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GOP Rep. Hurd says Trump is Being Manipulated by Putin
Texas congressman served in the CIA before getting into politics

Rep. Will Hurd, R-Texas, said President Donald Trump is being manipulated by Russian President Vladimir Putin. (Bill Clark/CQ Roll Call file photo)

Republican Rep. Will Hurd wrote in a New York Times op-ed that that President Donald Trump is participating in a disinformation campaign by Russian President Vladimir Putin.

The Texas Republican served as an undercover CIA officer before winning his first House race in 2014.

‘Worst Enemy’: Trump Warns Putin Even as Second Summit in Works
U.S. president breaks with predecessors, criticizes Fed over rate hike

President Donald Trump warned Vladimir Putin and criticized the media and Fed Chairman Jerome Powell in an interview with CNBC. (Sarah Silbiger/CQ Roll Call)

President Donald Trump continues to defend his Monday summit with Vladimir Putin and says he wants a second meeting soon — while also warning the Russian president he could become Putin’s “worst enemy.”

A day after his top spokeswoman announced Trump wants a follow-up summit in Washington this fall, the president said this of what would be a controversial visit by the Russian strongman who U.S. intelligence officials say led an interference operation in the 2016 presidential election: “I would say it’s in the works.”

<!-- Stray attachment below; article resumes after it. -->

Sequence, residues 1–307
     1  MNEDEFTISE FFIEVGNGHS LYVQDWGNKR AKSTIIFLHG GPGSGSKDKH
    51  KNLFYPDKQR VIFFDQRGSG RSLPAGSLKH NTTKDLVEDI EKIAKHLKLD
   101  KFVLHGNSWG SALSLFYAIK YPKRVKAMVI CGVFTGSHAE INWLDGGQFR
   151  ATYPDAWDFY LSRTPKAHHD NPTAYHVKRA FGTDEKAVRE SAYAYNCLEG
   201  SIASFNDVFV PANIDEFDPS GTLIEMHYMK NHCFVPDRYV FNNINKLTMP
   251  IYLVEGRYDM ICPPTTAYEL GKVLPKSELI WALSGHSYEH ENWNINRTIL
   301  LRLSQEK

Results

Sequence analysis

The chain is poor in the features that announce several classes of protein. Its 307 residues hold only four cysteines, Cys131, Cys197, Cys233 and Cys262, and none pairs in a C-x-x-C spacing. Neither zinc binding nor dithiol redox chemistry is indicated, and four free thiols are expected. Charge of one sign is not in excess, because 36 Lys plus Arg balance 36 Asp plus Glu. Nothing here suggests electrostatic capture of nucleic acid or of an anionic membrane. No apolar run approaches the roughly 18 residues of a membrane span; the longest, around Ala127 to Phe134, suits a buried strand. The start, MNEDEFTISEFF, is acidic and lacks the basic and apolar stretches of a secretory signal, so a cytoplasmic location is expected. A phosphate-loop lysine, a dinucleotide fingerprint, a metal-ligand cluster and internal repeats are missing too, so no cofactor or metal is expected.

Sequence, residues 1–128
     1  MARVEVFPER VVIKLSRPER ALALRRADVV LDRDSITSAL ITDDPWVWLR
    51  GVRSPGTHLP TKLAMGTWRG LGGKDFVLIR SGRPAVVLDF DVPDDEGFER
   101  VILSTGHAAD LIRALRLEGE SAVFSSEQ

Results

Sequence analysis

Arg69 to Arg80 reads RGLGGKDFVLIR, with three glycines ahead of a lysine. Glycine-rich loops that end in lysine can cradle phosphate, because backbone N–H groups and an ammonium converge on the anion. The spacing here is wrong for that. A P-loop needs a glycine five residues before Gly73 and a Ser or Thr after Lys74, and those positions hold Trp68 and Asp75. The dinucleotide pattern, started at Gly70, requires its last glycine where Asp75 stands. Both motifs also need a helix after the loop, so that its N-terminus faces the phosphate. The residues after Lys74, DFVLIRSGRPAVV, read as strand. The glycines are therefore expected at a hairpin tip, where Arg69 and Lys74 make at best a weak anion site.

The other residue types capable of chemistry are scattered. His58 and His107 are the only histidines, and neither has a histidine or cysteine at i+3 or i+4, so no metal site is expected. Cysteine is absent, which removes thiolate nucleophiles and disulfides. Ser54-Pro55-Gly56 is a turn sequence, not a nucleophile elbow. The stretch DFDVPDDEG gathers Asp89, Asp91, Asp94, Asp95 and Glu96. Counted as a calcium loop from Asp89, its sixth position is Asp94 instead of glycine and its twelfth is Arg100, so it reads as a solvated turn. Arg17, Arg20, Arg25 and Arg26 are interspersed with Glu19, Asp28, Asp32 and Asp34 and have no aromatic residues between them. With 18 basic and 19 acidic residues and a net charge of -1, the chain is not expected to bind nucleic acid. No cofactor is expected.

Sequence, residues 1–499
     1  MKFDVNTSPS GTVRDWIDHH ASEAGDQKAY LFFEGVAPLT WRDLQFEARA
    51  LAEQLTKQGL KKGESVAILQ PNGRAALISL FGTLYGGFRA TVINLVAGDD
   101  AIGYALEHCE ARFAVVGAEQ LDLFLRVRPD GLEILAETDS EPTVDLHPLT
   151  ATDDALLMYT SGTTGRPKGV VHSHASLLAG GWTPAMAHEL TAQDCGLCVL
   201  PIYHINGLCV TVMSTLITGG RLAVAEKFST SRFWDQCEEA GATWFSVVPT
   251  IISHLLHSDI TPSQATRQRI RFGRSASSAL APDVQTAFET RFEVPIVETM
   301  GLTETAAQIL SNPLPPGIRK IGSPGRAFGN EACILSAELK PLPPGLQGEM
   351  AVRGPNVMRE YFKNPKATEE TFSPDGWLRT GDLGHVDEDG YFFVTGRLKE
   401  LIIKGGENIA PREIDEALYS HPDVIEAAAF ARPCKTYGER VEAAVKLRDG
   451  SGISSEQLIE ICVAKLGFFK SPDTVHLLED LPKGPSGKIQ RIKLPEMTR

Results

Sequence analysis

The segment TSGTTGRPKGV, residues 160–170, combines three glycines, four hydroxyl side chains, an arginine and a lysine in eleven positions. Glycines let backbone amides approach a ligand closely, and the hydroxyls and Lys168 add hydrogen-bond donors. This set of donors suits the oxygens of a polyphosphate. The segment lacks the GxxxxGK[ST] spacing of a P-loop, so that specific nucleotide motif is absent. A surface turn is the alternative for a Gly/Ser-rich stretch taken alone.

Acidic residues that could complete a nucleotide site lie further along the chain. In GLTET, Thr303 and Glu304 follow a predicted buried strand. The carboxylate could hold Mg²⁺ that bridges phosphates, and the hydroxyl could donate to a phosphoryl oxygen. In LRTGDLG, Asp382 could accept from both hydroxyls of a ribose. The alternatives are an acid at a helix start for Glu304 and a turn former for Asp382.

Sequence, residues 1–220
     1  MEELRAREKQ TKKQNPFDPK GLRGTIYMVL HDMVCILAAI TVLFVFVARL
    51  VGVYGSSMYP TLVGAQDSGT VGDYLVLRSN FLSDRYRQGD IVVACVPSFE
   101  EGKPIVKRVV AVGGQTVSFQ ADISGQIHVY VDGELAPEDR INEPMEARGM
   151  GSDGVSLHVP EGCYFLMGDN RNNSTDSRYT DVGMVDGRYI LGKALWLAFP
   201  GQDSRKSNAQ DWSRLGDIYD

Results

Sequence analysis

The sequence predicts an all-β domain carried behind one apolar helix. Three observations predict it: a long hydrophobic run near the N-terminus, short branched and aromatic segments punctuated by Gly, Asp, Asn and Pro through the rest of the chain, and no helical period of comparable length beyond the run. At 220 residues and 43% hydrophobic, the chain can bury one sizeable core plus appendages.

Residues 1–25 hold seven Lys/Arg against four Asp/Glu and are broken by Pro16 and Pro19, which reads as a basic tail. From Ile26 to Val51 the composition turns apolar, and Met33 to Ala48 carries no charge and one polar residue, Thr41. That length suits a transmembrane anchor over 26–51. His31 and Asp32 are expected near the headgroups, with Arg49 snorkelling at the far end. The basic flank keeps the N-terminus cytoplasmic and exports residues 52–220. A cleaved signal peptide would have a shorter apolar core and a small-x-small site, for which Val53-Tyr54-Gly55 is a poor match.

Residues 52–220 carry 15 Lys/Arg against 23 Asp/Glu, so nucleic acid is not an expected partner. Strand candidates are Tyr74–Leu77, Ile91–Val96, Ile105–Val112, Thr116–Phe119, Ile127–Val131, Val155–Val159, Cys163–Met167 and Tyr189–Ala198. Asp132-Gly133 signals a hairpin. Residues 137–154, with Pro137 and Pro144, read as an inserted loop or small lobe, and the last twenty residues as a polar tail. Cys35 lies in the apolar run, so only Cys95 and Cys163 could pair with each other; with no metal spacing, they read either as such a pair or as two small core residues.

Former DC Interns Share How They Got Their Feet in the Door
Meet four interns who entered the political world through programs

Vashti Hinton applied to 30 Hill offices before landing a full-time position working for Rep. Gregory Meeks, D-N.Y. (Tom Williams/CQ Roll Call)

Capitol Hill interns are often assumed to be college students with a natural political network. They’ve got an “in” in D.C. or they have — a word most people hate — “connections.”

But for the thousands of interns who flock to the Hill and Washington over the summer, who you know isn’t the only path to the nation’s capital. There are a number of programs that help them get a foot in the political door.

How to Eat Like an Intern
This reporter tried to eat, and do activities, for free over a week on the Hill and it wasn’t easy

Rep. Brett Guthrie, R-Ky., eats a corn dog during the American Meat Institute’s annual Hot Dog Lunch in the Rayburn courtyard on July 18. (Tom Williams/CQ Roll Call)

Full disclosure: I’ve never interned on the Hill. But I have been an unpaid intern, and most people you meet in Washington have too.

Without a chunk of money in the bank, how do interns get by? 

Patrick Morrisey Using New York City Fundraiser to Help Retire Primary Debt
West Virginia GOP Senate candidate lags in cash on hand for general election

West Virginia Republican Patrick Morrisey is having a fundraiser with Donald Trump Jr. in New York City on Monday. (Tom Williams/CQ Roll Call)

West Virginia Republican Patrick Morrisey is having a fundraiser Monday in New York City with Donald Trump Jr. to help retire the campaign debt from his successful Senate primary run. 

Morrisey, the state’s attorney general, is challenging Democratic Sen. Joe Manchin III, who’s led in recent polling and had a significant cash on hand advantage at the end of the second quarter. Inside Elections with Nathan L. Gonzales rates the race Tilts Democratic

Clarke Knows the ‘Tricks of the Trade’ From Her Internship